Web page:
Keep Your Job? Work For Free.
With unemployment on the rise, more and more workers are taking pay cuts in exchange for keeping their jobs. Some are even working for free.
In an effort to cut costs and show work-place solidarity, British Airways Chief Executive Willie Walsh is planning to work the entire month of July with no pay. There’s only one glitch in his plan for generating some positive public relations. He forgot to tell his wife.
Walsh says because he neglected to tell her about the plan to turn down his July paycheck, she wasn’t too happy when she first read about it in a London paper.
Walsh enjoys an annual salary of $1.2 million U-S dollars, and is hoping his lower salary encourages employees to also cut costs. This comes after 2,500 employees at the airline have already lost their jobs.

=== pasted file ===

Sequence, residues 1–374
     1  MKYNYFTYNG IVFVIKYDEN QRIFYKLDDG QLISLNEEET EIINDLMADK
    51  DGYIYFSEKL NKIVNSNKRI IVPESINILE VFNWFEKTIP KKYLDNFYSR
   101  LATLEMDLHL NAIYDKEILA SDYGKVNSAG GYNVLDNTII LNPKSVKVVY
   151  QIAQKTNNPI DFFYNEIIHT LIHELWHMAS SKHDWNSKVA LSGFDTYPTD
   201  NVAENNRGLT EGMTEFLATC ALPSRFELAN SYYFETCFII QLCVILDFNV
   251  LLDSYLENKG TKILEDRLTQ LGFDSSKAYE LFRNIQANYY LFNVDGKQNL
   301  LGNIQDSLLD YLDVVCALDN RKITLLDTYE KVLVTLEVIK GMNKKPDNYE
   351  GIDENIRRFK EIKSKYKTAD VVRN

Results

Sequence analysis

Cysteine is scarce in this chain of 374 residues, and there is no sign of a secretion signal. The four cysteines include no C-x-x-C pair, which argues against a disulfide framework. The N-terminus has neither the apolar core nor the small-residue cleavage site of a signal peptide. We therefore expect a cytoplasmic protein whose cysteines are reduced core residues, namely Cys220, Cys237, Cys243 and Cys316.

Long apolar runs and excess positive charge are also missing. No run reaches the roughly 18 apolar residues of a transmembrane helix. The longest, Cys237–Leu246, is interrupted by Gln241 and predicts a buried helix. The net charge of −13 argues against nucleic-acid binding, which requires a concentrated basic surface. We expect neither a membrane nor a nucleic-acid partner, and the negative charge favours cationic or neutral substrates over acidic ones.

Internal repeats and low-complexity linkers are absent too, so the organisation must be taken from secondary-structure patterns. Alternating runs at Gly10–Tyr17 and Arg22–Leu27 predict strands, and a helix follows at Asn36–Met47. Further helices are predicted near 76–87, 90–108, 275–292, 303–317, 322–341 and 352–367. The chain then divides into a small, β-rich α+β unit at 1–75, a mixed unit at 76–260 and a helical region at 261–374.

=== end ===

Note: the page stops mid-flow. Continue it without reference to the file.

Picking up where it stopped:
And British Airways is not the only carrier cutting back; most of the major international carriers have been forced to cut costs as the deep worldwide recession grounds demand for travel and air freight.
But that bad news for airlines means they are also drastically cutting ticket prices to get your business.
I just saved big bucks on a trip to Europe by simply asking which day had the cheaper flight. A standard round trip business class ticket was priced at $11,000 round trip. After working the phones and juggling my calendar, I paid about $3,000 round trip.
That $8,000 I saved made it a lot easier to pay for some great hotel rooms and fancy meals. So it does pay to ask. The airlines need your business.
(Brian Banmiller is a national Business Correspondent for CBS News Radio, free lance writer and public speaker. The former television business news anchor in San Francisco can be reached at email@example.com .)